A Guide to Scott Walker's Hyperpolarized Home Base
February 5, 2015 2:32 PM Subscribe
He has succeeded in the sort of environment least conducive to producing a candidate capable of winning a national majority. Over the past few decades, Walker's home turf of metropolitan Milwaukee has developed into the most bitterly divided political ground in the country—"the most polarized part of a polarized state in a polarized nation," as a recent series by Craig Gilbert in the Milwaukee Journal Sentinel put it.Wisconsin's governor will be announcing his intention to run for President of the United States in any... day... now. Last summer, TNR published a lengthy profile of his politics and persona: The Unelectable Whiteness of Scott Walker.
Thanks to a quirk of twentieth-century history, the region encompasses a heavily Democratic and African American urban center, and suburbs that are far more uniformly white and Republican than those in any other Northern city, with a moat of resentment running between the two zones. As a result, the area has given rise to some of the most worrisome trends in American political life in supercharged form: profound racial inequality, extreme political segregation, a parallel-universe news media. These trends predate Walker, but they have enabled his ascent, and his tenure in government has only served to intensify them. Anyone who believes that he is the Republican to save his party—let alone win a presidential election—needs to understand the toxic and ruptured landscape he will leave behind.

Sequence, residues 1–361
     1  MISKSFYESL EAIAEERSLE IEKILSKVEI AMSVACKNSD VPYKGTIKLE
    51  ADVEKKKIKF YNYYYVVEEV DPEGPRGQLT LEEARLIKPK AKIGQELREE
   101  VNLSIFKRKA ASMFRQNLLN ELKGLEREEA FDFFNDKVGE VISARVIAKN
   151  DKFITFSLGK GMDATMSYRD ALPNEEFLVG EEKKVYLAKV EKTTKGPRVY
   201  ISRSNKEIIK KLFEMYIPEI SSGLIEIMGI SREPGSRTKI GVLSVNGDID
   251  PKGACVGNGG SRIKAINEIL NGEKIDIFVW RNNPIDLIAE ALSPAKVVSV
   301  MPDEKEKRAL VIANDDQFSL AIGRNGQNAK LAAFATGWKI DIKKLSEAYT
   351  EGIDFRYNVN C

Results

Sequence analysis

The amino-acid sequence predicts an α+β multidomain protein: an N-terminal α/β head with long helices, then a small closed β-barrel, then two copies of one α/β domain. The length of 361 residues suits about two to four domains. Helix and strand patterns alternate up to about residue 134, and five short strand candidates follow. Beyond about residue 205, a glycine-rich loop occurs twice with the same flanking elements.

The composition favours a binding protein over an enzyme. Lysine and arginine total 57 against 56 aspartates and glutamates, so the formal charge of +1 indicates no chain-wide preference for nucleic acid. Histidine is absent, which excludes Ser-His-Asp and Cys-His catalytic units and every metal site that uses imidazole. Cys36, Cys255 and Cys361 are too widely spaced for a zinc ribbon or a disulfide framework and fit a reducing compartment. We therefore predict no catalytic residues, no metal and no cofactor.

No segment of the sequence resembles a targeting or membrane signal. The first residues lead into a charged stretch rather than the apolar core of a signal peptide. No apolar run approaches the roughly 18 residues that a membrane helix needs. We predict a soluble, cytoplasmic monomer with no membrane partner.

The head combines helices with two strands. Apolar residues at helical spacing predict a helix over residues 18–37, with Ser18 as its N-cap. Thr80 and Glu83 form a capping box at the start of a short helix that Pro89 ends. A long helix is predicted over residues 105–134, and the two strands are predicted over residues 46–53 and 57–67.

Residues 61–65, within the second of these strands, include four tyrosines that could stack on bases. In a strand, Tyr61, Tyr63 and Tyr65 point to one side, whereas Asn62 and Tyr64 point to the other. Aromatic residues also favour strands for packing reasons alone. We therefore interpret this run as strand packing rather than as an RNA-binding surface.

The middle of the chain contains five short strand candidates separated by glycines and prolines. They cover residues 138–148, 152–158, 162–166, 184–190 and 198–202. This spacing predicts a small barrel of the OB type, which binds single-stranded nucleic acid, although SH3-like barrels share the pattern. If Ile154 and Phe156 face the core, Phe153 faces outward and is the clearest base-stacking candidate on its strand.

Walker's recent State of the State address included the official announcement of his intent to start drug testing all recipients of health care, nutrition, welfare, and unemployment benefits, a plan that has already received garnered pushback at the federal level.
Walker's 2015-2017 state budget [PDF] also reduces state funding for the University of Wisconsin system by $300 million, which comprises 13% of state-provided funding and 2.5% of UW's overall funding. The UW System budget cuts will be coupled with a two-year tuition freeze.
At a recent GOP rally, Walker offered up some advice to UW's enervated budget administrators, suggesting that "they might be able to make savings just by asking faculty and staff to consider teaching one more class a semester."
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